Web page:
I felt like this book lacked a little bit of the reverence I have for my Heavenly Father. I understand, as Reverend Weber was demonstrating his point throughout that Jesus and Heavenly Father are our friends, but I would have loved to have seen a touch more deference.
Overall, I'm glad I read this book. Not only did it give me the opportunity to think over my relationship with Heavenly Father, but it reminded me that God answers the prayers of all of His children, and that He is happy anytime one of His children comes to Him in prayer.
I recommend this book to those who are looking for a beginning or review perspective on prayer.
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I received this book from Blogging for Books in exchange for my review. This is my honest opinion about the book. 

26 February 2017

To people who are feeling burned out.

Dear Fatigued Stranger,

I'm feeling it too. Like a wind-up toy losing power. Like a gerbil in a wheel. Like a playlist on repeat. You get the point. We're tired of the daily grind, and we feel like we can't keep going, but we have to: for work, for our kids, for our family, friends, spouses, random acquaintances or strangers asking us to support a cause. There are so many demands.

If you're feeling like a fire going out, it's time to bank the fire. Keep it low but alive. A man who has my deepest respect used an airplane analogy (Dieter F. Uchtdorf, https://www.lds.org/general-conference/2010/10/of-things-that-matter-most?lang=eng): when we fly through turbulence, we sometimes think we should proceed full speed ahead and get it over with, but we really lessen the turbulence by slowing down. So just keep it simple. Don't do anything extra.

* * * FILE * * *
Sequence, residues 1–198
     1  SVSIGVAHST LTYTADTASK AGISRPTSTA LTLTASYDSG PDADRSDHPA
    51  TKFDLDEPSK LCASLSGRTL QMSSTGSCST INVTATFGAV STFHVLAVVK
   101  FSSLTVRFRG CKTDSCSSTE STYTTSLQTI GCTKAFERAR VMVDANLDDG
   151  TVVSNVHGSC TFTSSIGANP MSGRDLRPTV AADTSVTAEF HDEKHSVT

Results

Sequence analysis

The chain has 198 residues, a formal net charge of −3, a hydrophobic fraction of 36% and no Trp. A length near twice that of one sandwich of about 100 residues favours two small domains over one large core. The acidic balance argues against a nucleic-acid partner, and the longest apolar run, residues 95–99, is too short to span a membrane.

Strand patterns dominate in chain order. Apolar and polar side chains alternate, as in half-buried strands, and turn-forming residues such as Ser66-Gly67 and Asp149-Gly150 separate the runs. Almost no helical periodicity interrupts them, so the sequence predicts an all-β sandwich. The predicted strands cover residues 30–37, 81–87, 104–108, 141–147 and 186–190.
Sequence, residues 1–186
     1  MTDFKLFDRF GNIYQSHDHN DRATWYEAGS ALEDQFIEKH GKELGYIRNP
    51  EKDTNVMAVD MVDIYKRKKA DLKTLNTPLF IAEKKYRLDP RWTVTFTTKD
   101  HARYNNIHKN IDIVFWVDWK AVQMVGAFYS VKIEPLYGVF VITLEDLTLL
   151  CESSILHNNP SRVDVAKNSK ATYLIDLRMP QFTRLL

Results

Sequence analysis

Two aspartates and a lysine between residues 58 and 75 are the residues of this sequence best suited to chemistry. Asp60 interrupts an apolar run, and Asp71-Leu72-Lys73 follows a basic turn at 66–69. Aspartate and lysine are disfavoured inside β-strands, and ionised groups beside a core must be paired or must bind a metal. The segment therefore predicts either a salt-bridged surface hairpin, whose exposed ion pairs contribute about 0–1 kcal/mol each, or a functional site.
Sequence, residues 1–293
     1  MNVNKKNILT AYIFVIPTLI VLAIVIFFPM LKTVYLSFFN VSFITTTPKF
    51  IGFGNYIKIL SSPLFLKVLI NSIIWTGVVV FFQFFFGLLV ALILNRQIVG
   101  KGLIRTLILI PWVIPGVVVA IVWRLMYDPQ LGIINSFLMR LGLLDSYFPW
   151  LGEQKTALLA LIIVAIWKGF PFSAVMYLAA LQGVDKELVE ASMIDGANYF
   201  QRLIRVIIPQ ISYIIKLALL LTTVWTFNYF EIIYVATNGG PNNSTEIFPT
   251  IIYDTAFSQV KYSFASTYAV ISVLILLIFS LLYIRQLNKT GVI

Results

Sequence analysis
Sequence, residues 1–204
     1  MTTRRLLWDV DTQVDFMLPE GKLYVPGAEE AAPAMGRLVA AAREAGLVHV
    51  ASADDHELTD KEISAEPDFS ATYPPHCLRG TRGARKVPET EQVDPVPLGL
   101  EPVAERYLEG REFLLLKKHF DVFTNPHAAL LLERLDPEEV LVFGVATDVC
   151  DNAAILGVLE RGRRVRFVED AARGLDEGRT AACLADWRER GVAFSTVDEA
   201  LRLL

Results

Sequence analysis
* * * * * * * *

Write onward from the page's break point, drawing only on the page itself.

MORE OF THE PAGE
A friend needed my help last week. And I said no. This might have made me a terrible friend. Jesus gave us a phenomenal example of service and sacrifice. Shouldn't I have said yes to my friend? And I say "No." You cannot give what you do not have. If you ask me for a golden elephant the size of my head, I can wish and wish and wish I could give it to you, but I don't have one.

Say no to people. There may come a genuine emergency, and you cannot say no, but these are exceedingly rare. Say no to being busy and running around frantically. Realize that there are some essential things in life that cannot be ignored, but these also are not as numerous as we think.

So just wait. The time will come to say yes. The time will come to do more. I have lived long enough to know that somehow we'll get more firewood from somewhere - even if that takes awhile.

But for now, be still. Know that God is God.